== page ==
Fourth Sunday After Easter Saint Kevin’s, Harrington Street 18 May 2014
The Gift Above All Gifts
Already today, the sacred liturgy begins to prepare our souls for the Gift above all gifts: the outpouring of the Holy Ghost at Pentecost. Thus does Saint James tell us in the Epistle that, « Every best gift, and every perfect gift, is from above, coming down from the Father of lights, with whom there is no change, nor shadow of alteration » (James 1:17).
The Holy Ghost Poured out Upon the Church
What are these best and perfect gifts if not the seven gifts of the Holy Ghost: wisdom, understanding, counsel, knowledge, fortitude, piety, and fear of the Lord? And above all these gifts there is the Giver Himself, the Giver who, in an excess of love, makes Himself the Gift. Just as the Father, out of love, sent His only–begotten Son into the world, so too do the Father and the Son send the Holy Ghost upon the Church to make her the joyful mother of many children, the mother of a people of saints
The festival of the Ascension will soon be upon us and, then, after persevering nine days in prayer, together with Our Lady and the Apostles in the Cenacle, we will find ourselves all illumined and set ablaze by the Divine Fire of Love, the Paraclete, the Spirit of Truth.
A Great Yearning for God
Today, even as we gaze upon the Face of the Risen Christ, even as we contemplate His glorious wounds, and listen to the sound of His voice, the Church is inviting us to make ready for the Other Paraclete, the Other Comforter, the Divine Spirit whom He will send to prolong His work and manifest His presence until the end of time. The Church is saying, « Begin now to open your hearts, begin to desire with an immense desire, for your capacity to receive the Gift will be proportionate to your desire. Let everything in you become a great yearning for God. Surrender yourselves to the Giver and to the Gift. »
Ubi Vera Sunt Gaudia
Wherever the Holy Ghost is at work, His gentle and compelling influence in souls produces a unity and a peace that the world can neither produce nor give. The Collect describes the Church as a people of one mind and one heart, loving one thing only, seeking one thing only, cleaving to one thing only — in the midst of the world and all its passing fashions. The Church is the body of those who, united to Christ the Head, « seek the things that are above; where Christ is sitting at the right hand of God » (Colossians 3:1). The Church is the mother of a new family, generated by the Holy Ghost, a people who « mind the things that are above, not the things that are upon the earth ». The more we identify with our mother the Church, and with the sentiments and movements of the heart of her Head and Bridegroom, Jesus Christ, revealed in the sacred liturgy, the more securely will our hearts be anchored, as the Collect says, ubi vera sunt gaudia, « there where true joys are found ».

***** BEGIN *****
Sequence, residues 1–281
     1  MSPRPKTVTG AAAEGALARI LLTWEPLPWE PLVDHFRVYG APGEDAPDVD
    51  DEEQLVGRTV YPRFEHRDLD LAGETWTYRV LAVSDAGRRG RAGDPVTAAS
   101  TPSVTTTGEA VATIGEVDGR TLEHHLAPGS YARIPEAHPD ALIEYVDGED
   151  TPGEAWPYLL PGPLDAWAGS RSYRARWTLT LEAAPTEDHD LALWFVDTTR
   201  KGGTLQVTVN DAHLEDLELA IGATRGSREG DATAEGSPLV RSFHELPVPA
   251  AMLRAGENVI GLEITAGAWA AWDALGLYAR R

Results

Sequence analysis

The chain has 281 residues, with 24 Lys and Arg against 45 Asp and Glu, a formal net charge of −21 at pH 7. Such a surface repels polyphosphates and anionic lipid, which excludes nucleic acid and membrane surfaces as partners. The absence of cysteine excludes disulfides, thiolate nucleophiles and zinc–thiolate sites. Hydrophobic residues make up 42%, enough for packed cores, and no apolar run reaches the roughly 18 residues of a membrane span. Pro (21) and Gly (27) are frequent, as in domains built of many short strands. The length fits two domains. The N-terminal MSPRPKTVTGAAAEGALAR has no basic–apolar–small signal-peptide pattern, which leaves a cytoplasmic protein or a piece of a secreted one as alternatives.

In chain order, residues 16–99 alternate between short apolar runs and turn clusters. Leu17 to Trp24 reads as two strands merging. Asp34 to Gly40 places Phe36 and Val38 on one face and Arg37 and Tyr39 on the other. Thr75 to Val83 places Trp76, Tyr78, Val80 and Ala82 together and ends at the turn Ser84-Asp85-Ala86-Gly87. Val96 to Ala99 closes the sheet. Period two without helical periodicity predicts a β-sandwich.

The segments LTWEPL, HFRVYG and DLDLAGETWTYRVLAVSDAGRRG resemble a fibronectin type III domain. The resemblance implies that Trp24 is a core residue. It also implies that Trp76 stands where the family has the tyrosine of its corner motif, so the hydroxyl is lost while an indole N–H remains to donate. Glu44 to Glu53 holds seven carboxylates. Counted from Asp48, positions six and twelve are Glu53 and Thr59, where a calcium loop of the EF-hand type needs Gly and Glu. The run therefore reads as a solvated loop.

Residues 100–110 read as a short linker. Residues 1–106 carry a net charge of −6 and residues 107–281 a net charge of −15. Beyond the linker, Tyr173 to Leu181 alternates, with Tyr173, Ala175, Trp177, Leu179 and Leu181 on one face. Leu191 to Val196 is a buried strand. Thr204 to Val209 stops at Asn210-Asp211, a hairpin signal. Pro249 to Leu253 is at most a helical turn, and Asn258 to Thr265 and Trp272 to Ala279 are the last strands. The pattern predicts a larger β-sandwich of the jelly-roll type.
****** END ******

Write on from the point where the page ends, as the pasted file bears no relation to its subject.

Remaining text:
Invisibly Radiating Joy
If a monastery is anything at all, it is a place ubi vera sunt gaudia, « where true joys are to be found ». These joys are not purchased cheaply, they come to us wrapped in a circle of thorns: the sign of our communion with Christ in His Passion. This makes them all the more precious and all the more worth possessing. The joy of a monastery is not something kept under lock and key; it is not bottled up and distributed begrudgingly to a select few. The joy of a monastery renews the Church from within. It is like the fragrance of a precious ointment filling the whole house. The health of the Church in any nation is directly proportionate to, and can be measured by, the Catholic faithful’s support of the contemplative monastic life which, although hidden, invisibly radiates a joy that the world cannot take away.
It is for this reason that I have come to you today. I will be speaking in the hall immediately after Holy Mass. I will telling you about a place ubi vera sunt gaudia — where true joys are found — and that place is my own fledgling monastery: Silverstream Priory in County Meath. My community are with me to meet you, to speak with you, to answer your questions. I will be asking for your help, and I am confident that you will give it. We have urgent, pressing needs. Please give me a few moments of your Sunday, the Day of the Lord. And we, for our part, will pray that your homes too will become places ubi vera sunt gaudia, where true joys are found.